Ending Poverty Takes More Than Charity

Ending Poverty Takes More Than Charity

Rev. Horace Sanders and Rev. Dustin Wright

The following appears as a guest column in the November 22nd Daily Gazette in Schenectady, NY. Read the full column here.

This is the time of year that, as many of us gather close with family and loved ones, we consider the ways we can help those among us who are struggling.

We make donations to local charities, we volunteer, and we serve meals at soup kitchens.

These efforts to serve our neighbors and communities are admirable, to be sure, and they often provide an essential lifeline.

However, if we truly desire to end poverty in our communities, we must recognize that these acts of charity are not enough — and cannot be enough.

By recognizing that poverty is a web of systems and structures that marginalizes and disempowers whole groups of people, we can begin to imagine changes to those systems and structures that might end the scourge of poverty.

Our legislative process and our advocacy campaigns are often siloed to individual issues — the affordable housing campaign, the anti-hunger bill, the public education rally, the healthcare reforms.

Commissioners at the Capital Region Truth Commission on Poverty, July 13, 2017

Commissioners at the Capital Region Truth Commission on Poverty, July 13, 2017

But for people in poverty, these issues are deeply connected.

Poor families are making decisions every day between food and housing, transportation and that doctor’s appointment that keeps getting put off, and taking a second job to pay the bills or staying home to care for the kids.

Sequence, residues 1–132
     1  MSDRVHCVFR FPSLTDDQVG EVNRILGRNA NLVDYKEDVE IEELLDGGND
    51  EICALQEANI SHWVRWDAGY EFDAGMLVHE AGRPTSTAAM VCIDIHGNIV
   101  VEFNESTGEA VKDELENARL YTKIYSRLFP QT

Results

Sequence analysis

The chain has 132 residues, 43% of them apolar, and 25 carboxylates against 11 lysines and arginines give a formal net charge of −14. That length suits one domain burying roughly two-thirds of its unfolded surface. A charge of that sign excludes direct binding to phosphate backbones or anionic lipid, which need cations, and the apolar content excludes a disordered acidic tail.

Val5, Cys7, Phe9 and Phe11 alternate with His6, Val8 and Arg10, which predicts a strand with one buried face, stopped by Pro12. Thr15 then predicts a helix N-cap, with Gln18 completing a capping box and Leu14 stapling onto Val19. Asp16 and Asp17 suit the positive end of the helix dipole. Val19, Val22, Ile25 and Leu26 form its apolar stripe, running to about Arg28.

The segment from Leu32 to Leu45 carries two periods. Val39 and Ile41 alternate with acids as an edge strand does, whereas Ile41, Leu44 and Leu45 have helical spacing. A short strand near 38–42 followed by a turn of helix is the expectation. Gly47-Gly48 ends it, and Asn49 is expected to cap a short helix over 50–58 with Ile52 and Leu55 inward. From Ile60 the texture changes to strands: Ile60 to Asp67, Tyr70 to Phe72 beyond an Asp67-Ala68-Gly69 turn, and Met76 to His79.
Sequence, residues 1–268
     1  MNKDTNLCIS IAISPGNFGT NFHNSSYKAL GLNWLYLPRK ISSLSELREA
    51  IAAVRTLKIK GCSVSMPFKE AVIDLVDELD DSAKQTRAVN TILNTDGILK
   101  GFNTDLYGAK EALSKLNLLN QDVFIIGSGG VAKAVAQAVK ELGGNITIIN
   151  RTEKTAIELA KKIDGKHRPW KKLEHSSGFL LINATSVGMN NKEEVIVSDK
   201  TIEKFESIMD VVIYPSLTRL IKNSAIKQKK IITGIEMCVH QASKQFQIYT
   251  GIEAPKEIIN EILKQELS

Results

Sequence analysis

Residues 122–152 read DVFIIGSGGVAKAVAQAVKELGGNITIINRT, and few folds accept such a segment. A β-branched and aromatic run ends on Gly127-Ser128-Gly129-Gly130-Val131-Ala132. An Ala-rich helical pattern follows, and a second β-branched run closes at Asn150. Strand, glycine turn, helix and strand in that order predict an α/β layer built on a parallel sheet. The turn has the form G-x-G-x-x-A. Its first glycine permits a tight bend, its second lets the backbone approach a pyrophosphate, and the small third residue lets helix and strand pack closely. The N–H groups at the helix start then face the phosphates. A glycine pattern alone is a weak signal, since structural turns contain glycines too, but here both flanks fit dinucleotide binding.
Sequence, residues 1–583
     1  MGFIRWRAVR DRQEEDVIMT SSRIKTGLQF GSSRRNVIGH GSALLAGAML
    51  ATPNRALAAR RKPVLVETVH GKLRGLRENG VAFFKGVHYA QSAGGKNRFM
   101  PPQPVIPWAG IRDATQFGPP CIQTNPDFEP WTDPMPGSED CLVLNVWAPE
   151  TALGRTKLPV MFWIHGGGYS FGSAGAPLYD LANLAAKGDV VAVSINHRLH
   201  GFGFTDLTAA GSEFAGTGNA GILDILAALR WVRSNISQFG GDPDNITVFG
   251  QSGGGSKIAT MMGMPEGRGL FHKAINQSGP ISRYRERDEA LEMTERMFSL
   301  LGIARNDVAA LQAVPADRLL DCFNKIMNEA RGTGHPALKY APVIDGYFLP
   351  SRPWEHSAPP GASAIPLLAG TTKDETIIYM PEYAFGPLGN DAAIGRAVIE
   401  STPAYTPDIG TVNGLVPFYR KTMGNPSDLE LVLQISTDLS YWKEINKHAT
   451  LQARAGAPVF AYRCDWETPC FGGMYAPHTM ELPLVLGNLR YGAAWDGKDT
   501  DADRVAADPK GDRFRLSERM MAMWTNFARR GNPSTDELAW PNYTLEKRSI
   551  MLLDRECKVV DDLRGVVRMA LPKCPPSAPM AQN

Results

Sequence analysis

For many people, these issues are not distinct.

By listening to the stories of the people who are most directly affected by systems of poverty, we can begin to conceive of the scope of the changes necessary.

They are the experts on poverty because they live it daily.

That’s why back in July, we gathered with 150 people from the Capital District for a Truth Commission on Poverty, hearing testimony from people on the front lines of these crises.

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Rev. Horace Sanders, Jr. is the pastor at Mt Olivet Missionary Baptist Church and a commissioner with the Capital Region Truth Commission.

Rev. Dustin Wright is the pastor at Messiah Lutheran Church, and President of the New York State Council of Churches.

The report of the Truth Commission on Poverty in New York State is online at nytruthcommission.org. To learn more about the Poor People's Campaign: A National Call for Moral Revival, visit poorpeoplescampaign.org. Click here to take the pledge to be part of the campaign here in New York.